What's Up in the 8th
My own view of home contractors - basically, that every third one should be shot, to improve the overall quality and to serve as a lesson to the others - is shaped by experiences as both a customer and a lawyer. Many years ago, I was tangentially involved in a case involving a contractor whose business model was to prey on poor people in the ghetto: sell them a $14,000 kitchen on a home that wasn't worth $20,000, and get a mortgage which he'd then sell to a company in Dallas. This led to a lawsuit filed by a young black lawyer, and my friend, who was representing the contractor, told me that the Federal judge handling the case, a fearsome sort, would have little tolerance for this sort of nonsense.
He was right, but not in the way he anticipated. At the first pretrial, the judge informed us that the contractor and the mortgage company would cancel the mortgages and pay each homeowner $20,000 and another $75,000 for the lawyer, or the judge would refer the case for prosecution to the U.S. Attorney's Office. That was an offer the defense couldn't refuse.
Wonder what the judge would've done to Joseph Fasino.
Theft by deception, in the context of a home contractor, is tough to prove: it's not enough to show that the contractor didn't perform the work, you have to show that he had no intention of doing so at the time he signed the contract with you. But that can be proved by circumstantial evidence, as the court explains in State v. Fasano, and so it is here: Fasano took money from three people ($4,000 from two of them), did no work, ordered no supplies, and stopped taking their phone calls and emails. For his three theft convictions, two of them felonies, he got a year of community control sanctions. For what would've happened if I'd been the judge, see above.
If I'd been the judge, I would have granted Danny Dozanti's application to have his disability to own firearms removed. He'd been convicted of one count of felony drug trafficking back in 1990, did eighteen months in prison, and hadn't been in trouble since. He filed for relief from disability in 2010, and again in 2013; the judge held a hearing on it in 2014, then denied it without explanation eight months later. The court reverses in State v. Dozanti, despite the panel noting that the judge is "a seasoned and thoughtful jurist," an opinion with which I concur. But that's not enough: "Although findings and reasons are not required by the statute, the record must in some form support the trial court's denial," and this record didn't.
If I'd been the judge, I probably wouldn't have imposed $20,000 in mandatory fines on Darien Smith, on top of the 11 years he was going to do as a major drug offender. But the judge in State v. Smith did, and the panel comes to the Seinfeldian conclusion that there's nothing wrong with that. To be sure, Smith had filed an affidavit of indigency, which is step One to avoiding the fine. In Step Two, Smith has to show the offender has to show that he's unable to pay the fine. But the affidavit only establishes the present inability; the court has to consider the future ability as well. The panel concludes that the judge didn't abuse his discretion had the future ability to pay the fine:
Smith was only 30 years old at the time of sentencing. The record shows that Smith is intelligent, physically healthy, and capable of performing honest work, if he were so motivated.
That last phrase is the operative one, especially in light of the fact that when the Feds arrested Smith, they found $290,000 in cash lying around his house. I'm guessing that since Smith didn't even get his GED until he did a previous prison stint, there weren't a whole lot of ways he could have accumulated north of a quarter million bucks through "honest work," and I doubt when he gets out that his motivation will change much.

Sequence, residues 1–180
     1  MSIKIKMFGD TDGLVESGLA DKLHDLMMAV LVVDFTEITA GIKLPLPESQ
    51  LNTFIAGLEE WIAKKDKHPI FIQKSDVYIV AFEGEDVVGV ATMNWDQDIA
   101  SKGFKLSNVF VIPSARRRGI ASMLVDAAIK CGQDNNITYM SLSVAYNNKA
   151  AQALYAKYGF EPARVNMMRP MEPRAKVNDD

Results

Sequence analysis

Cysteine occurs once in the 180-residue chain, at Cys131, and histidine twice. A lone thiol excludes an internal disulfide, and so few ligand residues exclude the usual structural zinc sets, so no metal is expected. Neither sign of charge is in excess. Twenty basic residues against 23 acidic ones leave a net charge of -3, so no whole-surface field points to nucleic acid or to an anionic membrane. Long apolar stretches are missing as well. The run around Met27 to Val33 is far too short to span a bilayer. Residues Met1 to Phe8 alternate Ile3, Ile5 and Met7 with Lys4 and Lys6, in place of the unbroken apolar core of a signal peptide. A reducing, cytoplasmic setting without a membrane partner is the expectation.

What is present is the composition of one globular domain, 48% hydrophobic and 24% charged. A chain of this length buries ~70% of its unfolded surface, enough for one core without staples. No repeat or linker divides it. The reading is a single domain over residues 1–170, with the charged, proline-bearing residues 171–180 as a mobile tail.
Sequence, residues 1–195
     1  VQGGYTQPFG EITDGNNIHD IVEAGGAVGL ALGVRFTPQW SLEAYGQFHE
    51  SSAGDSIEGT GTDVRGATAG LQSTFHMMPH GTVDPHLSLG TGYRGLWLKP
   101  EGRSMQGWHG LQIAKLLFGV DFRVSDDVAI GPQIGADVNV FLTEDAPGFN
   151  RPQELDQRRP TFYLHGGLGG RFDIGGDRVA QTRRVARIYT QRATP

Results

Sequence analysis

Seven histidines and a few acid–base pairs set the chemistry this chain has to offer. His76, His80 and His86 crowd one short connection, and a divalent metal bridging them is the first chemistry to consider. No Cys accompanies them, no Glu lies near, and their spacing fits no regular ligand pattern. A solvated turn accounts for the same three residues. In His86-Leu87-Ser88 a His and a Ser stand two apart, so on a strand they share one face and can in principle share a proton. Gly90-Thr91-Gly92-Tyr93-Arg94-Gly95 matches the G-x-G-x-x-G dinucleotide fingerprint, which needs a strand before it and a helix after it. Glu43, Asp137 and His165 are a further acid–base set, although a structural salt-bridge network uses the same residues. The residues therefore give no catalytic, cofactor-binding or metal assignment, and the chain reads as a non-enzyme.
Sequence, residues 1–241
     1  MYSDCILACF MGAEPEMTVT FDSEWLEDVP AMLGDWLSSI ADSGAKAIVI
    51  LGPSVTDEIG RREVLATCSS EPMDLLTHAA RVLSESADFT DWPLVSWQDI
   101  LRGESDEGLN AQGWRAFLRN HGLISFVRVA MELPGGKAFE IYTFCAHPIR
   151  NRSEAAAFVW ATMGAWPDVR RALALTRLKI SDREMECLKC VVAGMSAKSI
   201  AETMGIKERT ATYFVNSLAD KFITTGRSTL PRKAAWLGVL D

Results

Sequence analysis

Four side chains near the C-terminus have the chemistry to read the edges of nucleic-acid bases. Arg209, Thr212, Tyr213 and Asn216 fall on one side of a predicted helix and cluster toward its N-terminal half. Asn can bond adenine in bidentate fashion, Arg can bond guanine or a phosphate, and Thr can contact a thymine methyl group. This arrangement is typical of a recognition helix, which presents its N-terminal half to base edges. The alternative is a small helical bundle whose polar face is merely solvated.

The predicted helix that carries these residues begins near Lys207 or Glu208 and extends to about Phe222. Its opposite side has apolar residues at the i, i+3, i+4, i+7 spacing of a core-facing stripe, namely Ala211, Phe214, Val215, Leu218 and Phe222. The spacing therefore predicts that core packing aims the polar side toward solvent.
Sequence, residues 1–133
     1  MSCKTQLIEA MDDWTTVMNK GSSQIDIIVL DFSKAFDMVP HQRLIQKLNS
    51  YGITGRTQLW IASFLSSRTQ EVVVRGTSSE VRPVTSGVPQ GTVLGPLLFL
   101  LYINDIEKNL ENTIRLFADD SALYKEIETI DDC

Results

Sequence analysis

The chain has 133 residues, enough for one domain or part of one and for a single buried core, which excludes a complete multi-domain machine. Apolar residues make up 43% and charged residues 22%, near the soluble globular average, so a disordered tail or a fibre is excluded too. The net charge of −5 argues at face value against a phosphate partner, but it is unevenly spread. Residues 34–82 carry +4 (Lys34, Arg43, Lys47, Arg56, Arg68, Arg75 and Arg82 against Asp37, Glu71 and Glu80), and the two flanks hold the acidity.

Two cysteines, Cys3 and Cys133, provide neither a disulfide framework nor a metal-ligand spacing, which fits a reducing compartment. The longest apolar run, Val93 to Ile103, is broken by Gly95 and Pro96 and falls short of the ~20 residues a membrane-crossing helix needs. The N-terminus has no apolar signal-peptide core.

The judge gave Bobby Thompson twenty-eight years in prison, and I probably would have gone under that a bit. Thompson is the name that appears in the court docket, but it's anybody's guess what his real name is: although he's supposed to be John Donald Cody, when he was arrested he had no fewer than seven different ID's on him. In any event, Thompson aka Whatever ran a fake charity for naval veterans and used it to scam millions of dollars from people around the country. The focus of his appeal is his claim that thirteen of the theft counts involved activity that took place wholly outside Ohio. The State counters by contending that this was a continuing course of conduct, but here's the lesson for today: there's a difference between jurisdiction and venue. A continuing course of conduct is sufficient to allow venue, the panel holds in State v. Thompson, but if none of the elements of the particular crime occurred in Ohio, the state doesn't have jurisdiction. That's one bone the panel tosses him - and nothing more than a bone it is, as it shortens his sentence by one year - the other being that the judge erred in holding that Thompson had to be confined in solitary every Veterans Day. I probably wouldn't have done the latter, either, because (choose one) I'm aware of the cases which say you can't do that/I'm not that clever. Take your pick.
And if I were a judge needing to review the latest opus from the 8th on when offenses should merge, I might decide it's a good time to go back into private practice. That comes in State v. Anthony, a 30-page tome, 22 pages of which are consumed by an Odyssean journey through the wasteland that is Ohio's allied offense law. We steer through the Scylla and Charbydis of Rance and Johnson, are lured by the siren song of the Supreme Court's latest pronouncement on the subject, State v. Ruf, and are finally cast up onto the shore, exhausted and only slightly more enlightened.
Oh, and there's a 10-page dissent.
We'll talk about all that tomorrow.